That sentiment would be perfectly acceptable if it weren’t for Christopher Nolan’s Batman movies. He showed that superhero movies can transcend the idea of “they’re superheroes on the screen. What else did you expect?” And become great films and pieces of art. The dark knight and iron man to a lesser degree really set the bar so high that when something falls short of excellence, critics come off sounding like they didn’t like the movie they are reviewing, Thor in this case. When in reality I’m sure they really liked it.

  6. I am your fan, but this review disappoints me. Just another review trying to prove a nonsensical point to everyone to be “in” like all the other douchebags out there.
    Don’t do reviews like this anymore. This is beneath you. I was looking forward to something with more substance. I thought you really delved deep into the movie but it was, again, just like any normal review trying to get attention.
    Still love your site though!

  7. I loved the intensity in the arguments occurring in Asgard. They actually felt like arguments between gods. Besides that, it was just a simple film, and I am perfectly OK with that. My guess is that the real emotional leaders of the Avengers will be Tony and Cap, so Thor does not really need to be that deep in my opinion.

    I kind of agree on the after the credits scene. I’m not too knowledgeable in my comic story lines, but I have no idea what that cube was, or what Loki’s role will be in the Avengers. I half expected some remnant of the infinity gauntlet to be in that case. Apparently the “cosmic cube” can be seen in Howard Stark’s notes in IM 2 as well. Apparently Red Skull gets hold of it at some point so I wonder if he will play a major role in the Avengers as well. It seems like there is some connection with the cube and the Infinity Gauntlet storyline, so who knows, maybe that initial rumor was right.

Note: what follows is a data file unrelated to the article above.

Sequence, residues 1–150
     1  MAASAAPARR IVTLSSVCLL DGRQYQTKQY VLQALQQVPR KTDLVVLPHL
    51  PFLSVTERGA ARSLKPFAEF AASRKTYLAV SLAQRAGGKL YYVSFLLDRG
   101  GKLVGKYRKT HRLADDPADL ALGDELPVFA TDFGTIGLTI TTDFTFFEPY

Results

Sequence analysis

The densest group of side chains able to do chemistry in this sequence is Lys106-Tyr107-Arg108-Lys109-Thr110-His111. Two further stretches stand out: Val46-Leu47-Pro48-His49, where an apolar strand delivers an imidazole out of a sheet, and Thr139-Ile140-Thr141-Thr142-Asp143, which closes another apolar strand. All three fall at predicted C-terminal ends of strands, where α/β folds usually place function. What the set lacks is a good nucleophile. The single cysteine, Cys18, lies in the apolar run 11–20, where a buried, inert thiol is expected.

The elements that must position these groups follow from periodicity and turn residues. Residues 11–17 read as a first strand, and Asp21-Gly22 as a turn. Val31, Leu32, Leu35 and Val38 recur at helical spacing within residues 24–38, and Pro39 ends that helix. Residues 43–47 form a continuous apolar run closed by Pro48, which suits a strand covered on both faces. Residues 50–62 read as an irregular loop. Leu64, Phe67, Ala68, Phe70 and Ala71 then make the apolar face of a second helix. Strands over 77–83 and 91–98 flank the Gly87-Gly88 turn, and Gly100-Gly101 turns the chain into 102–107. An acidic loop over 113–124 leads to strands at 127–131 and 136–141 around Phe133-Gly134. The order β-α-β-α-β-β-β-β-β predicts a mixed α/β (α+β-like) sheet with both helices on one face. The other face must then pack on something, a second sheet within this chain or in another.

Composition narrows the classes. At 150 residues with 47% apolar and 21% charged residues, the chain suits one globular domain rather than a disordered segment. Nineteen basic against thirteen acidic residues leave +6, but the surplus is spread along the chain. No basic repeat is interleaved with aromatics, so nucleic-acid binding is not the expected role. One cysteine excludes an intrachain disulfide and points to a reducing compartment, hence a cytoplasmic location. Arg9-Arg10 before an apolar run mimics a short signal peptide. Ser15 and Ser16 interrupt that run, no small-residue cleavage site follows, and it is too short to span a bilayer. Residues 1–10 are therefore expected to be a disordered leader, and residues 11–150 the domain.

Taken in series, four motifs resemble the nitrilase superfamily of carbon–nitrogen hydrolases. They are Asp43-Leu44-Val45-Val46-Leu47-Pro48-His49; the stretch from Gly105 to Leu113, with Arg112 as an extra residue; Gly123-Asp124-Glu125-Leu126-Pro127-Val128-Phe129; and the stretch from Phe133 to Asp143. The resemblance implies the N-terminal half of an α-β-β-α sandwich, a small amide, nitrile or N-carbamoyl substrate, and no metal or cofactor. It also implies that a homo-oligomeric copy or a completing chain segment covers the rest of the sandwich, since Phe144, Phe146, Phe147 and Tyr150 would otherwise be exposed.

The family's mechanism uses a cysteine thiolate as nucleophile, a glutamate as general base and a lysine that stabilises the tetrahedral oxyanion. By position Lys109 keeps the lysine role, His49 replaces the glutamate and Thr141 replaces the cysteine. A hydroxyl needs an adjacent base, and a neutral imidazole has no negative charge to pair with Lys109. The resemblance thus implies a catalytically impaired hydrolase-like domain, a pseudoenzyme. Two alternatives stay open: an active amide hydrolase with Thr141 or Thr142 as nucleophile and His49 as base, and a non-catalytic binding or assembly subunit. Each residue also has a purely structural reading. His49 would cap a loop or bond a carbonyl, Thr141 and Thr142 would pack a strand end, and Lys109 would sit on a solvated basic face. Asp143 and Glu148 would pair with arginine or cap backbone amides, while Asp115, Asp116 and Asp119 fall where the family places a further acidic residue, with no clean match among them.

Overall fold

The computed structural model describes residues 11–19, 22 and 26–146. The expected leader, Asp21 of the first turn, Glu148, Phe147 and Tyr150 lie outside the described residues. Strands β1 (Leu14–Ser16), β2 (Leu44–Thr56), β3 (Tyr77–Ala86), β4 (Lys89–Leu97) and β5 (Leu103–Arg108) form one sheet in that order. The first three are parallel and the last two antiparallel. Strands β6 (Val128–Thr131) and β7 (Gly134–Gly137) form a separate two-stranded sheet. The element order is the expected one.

I liked the Hawkeye cameo, but how is he going to fit in with the Avengers? He was basically just a skilled archer in Thor which would put him pretty far below his teammates in terms of power.

  8. Thor was a truly great movie. But 3 things impressed me most about

    1 Sif played by Jaimie Alexander was beyond awesome and together with the Warrior Three provided one if not the best supporting characters in any super hero movie. Not only can they hold their own in a fight buy you can feel the true friendship between them. Something very rare for a chemistry that powerful. I would personally rather see a movie dedicated solely to Thor, Sif and the Warrior three going on quests then the Avengers

    2 Asgard. I think this if the first truly epic fantasy setting I have seen. Usually we gypped and the supposedly powerful and mythical kingdoms usually end up looking like in LOTR. Either one cool looking Castle like in Gondor or the Xena appraoch like in Rohan . In both cases it looks weak. But not with Asgard. This city eclipses anything we have on Earth and we can truly feel it’s power and magnificence

    3 Loki. He is the best villain in any comic book hero till now. And before the TDK fansboys start a riot yes the Jokers was charismatic but he was an utter Mary Sue . Not so with Loki who is truly superb in the role and manages to come as truly intriguing and realistic


    Jaimie Alexander with Kat Dennings chest? No problem. That’s what we have push up bras for. Considering they can’t show nude anyway if they want to avoid an R rating it’s the perfect solution 😉

  9. To me, it kind of felt rushed at times, but was good for what it was: a popcorn movie. However, even with no knowledge of the comics, I still thought that it felt like two movies smooshed together. It could have easily been split into two; like, one half on earth and the other in Asgard. Not only that, but it was a bit unsettling to see that the side characters were more interesting than the main ones (the gatekeeper guy who’s name escapes me comes to mind). But in the end, it was fairly fun. But something this epic doesn’t deserve to be crumpled into a short popcorn movie.